Missy Higgins, Kasey Chambers, Kate Miller-Heidke and Sarah Blasko have launched a petition calling on the government to allocate funding that would allow Double J to pivot from its current, digital-exclusive format to a national FM broadcast.
Formally launching in 2014, after the ABC merged its Dig Music brand with triple j, the station skews towards older listeners, compared to its primarily youth-oriented sister station, triple j.
Double J largely plays music from older artists, many of whom established their brands with support from triple j. It currently streams digitally online, through standard DAB platforms and via the triple j app.
This new petition, also co-signed by Deborah Conway and The Waifs‘ Vikki Thorn, asks Paul Fletcher – the Liberal Party’s Minister for Communications, Urban Infrastructure, Cities and the Arts – to throw his support behind an initiative to have Double J aired on its own dedicated FM broadcast.
The petition’s launch coincides with International Women’s Day, and the group believe that a switch to an FM broadcast would benefit “all Australians, but particularly Australian women”.
In their statement, the group – all of whom are also set to perform at the newly launched Wildflower festival – wrote: “While our live performances together attract crowds of 5,000-10,000 people per night, none of these fans can hear our new music on local FM stations. In the United Kingdom, BBC Radio 2 continues to play artists like ourselves.
“In the United States there are dozens of so called ‘AAA’ and ‘Non-Comm’ stations that allow fans to discover new releases from established artists. Thankfully, some older male musicians can still have their latest songs heard around Australia on the Triple M network but, sadly, there is no local FM equivalent for women.”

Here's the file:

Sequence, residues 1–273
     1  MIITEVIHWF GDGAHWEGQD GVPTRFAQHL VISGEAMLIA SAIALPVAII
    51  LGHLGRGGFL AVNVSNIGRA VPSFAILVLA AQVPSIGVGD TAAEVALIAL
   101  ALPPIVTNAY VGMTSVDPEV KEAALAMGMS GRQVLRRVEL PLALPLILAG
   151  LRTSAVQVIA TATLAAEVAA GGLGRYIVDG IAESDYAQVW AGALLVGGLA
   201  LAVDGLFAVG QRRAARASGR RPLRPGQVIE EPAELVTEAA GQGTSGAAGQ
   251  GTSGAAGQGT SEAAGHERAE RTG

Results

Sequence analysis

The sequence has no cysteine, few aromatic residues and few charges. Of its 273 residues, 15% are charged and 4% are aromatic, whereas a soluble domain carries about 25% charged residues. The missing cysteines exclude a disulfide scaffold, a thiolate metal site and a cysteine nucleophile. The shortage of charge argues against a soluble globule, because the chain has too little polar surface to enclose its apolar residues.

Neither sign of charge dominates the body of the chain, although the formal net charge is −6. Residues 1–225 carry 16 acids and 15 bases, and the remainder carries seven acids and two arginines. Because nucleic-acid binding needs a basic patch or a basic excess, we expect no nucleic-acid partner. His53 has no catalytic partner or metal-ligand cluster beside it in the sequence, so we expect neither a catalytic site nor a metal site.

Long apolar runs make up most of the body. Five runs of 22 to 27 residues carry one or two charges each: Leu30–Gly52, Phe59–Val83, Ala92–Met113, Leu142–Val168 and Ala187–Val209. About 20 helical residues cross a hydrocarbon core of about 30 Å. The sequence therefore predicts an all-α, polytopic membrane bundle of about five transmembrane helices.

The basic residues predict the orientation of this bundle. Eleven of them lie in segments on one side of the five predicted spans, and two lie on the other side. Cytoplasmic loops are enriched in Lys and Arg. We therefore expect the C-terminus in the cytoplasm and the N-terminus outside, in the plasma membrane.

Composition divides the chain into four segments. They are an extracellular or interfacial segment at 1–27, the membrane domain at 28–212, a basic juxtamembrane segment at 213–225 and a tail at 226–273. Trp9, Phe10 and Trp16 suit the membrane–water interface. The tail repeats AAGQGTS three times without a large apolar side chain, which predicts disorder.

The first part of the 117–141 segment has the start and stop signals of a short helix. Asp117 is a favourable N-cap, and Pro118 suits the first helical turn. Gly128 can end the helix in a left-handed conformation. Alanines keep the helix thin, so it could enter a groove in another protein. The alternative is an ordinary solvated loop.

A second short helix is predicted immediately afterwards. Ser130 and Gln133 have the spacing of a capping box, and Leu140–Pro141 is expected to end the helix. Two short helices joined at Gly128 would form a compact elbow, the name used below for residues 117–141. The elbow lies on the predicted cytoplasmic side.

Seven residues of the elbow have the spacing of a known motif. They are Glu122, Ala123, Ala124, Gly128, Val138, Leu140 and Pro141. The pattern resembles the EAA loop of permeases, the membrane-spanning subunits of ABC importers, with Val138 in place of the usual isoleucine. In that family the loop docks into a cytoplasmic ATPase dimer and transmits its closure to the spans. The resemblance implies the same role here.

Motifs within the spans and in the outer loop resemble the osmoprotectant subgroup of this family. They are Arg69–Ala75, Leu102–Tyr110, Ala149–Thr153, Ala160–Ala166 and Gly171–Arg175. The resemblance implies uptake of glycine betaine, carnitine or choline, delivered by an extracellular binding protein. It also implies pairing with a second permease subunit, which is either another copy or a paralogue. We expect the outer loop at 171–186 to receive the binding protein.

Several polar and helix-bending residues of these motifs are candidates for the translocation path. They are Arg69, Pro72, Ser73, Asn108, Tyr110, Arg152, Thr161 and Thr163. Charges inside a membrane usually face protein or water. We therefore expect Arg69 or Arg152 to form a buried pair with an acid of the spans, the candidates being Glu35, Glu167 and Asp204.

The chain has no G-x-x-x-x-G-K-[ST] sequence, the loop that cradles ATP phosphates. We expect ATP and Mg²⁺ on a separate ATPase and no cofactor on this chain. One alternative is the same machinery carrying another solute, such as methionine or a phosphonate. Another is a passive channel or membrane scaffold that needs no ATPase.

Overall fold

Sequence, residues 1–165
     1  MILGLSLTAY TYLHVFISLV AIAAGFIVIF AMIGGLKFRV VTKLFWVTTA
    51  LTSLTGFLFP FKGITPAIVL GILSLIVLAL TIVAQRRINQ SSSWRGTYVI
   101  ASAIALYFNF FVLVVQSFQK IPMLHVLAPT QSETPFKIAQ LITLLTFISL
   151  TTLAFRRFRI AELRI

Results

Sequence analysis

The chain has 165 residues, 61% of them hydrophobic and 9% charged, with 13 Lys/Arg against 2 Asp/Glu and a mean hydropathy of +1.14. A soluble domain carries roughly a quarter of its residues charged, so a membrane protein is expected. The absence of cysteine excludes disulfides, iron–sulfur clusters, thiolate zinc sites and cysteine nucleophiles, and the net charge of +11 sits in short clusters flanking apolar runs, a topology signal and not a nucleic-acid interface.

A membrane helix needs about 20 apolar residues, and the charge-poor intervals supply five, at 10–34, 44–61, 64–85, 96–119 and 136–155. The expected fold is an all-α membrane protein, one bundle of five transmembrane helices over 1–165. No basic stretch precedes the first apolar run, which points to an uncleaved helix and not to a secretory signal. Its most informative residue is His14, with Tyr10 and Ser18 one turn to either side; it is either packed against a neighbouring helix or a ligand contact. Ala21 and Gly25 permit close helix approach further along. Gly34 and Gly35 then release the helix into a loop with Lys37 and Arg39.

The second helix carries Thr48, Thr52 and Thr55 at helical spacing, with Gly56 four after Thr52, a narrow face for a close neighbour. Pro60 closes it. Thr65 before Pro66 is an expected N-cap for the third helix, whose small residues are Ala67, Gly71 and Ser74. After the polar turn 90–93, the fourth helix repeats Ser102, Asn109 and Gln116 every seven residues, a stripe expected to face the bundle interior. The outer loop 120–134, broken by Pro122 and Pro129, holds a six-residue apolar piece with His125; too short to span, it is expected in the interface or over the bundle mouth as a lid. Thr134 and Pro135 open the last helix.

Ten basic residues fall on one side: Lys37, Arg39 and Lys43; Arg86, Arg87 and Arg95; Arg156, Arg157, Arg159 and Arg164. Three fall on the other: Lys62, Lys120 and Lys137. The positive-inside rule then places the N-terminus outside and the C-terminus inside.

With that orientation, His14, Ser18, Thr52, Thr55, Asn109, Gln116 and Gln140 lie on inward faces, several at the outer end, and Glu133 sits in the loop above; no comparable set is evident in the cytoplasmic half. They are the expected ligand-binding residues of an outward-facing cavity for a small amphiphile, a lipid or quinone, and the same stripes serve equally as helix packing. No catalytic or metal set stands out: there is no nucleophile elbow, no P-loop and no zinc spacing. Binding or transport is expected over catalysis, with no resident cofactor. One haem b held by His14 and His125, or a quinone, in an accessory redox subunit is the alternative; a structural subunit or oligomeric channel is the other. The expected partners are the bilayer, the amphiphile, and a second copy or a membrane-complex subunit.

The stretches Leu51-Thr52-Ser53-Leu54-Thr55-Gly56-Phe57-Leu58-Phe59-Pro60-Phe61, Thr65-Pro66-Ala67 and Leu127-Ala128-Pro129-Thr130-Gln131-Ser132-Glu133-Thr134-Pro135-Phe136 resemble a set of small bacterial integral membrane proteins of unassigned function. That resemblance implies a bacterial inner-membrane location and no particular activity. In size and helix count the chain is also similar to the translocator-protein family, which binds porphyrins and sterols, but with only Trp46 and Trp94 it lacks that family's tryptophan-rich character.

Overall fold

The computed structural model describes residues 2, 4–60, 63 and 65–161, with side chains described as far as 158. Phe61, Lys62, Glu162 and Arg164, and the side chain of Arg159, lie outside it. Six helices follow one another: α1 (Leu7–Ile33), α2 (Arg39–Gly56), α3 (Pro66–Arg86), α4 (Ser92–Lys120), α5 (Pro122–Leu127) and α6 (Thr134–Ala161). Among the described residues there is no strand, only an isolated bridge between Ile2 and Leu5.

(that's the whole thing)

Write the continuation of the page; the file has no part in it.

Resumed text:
The group tied their efforts in with the upcoming federal election, asking both the Coalition and the Australian Labor Party to allocate “modest extra funding during the first year of the next Government” to ensure that the ABC will be properly equipped to move Double J to an FM setup.
They continued: “At the moment this fantastic digital-only channel plays a lot of new music by female (and non female) artists over the age of 30 but its reach is severely limited.” They went on to detail the trend of “othering” successful artists – particularly women – once they reach a certain age bracket.
It’s an issue that has long surrounded triple j, including last year, when a tweet by the youth broadcaster (“did it hurt? when you aged out of the youth radio station?”) caused backlash and prompted debate about the topics of ageism and sexism in Australia’s music industry.
In their statement, the group behind the petition explained that they had “benefitted hugely from FM radio exposure in our 20s and 30s”, noting that “the hits we had in those years continue to receive recurrent airplay”.
“However, like our male counterparts, we continue to release new music of which we are proud and we believe that our fans deserve an equal opportunity to hear it on the radio,” they continued. “The expansion of Double J would be a relatively simple solution to this current inequity for artists and fans alike.
“We fully respect that there are more significant issues which require the attention of Governments – particularly when it comes to the many serious challenges faced by women. Nonetheless, the United Nations’ expressed goals for International Women’s Day are to ‘celebrate women’s achievement, raise awareness against bias and to take action for equality’.
“We respectfully submit that the expansion of Double J to the FM band would neatly meet each of those goals.”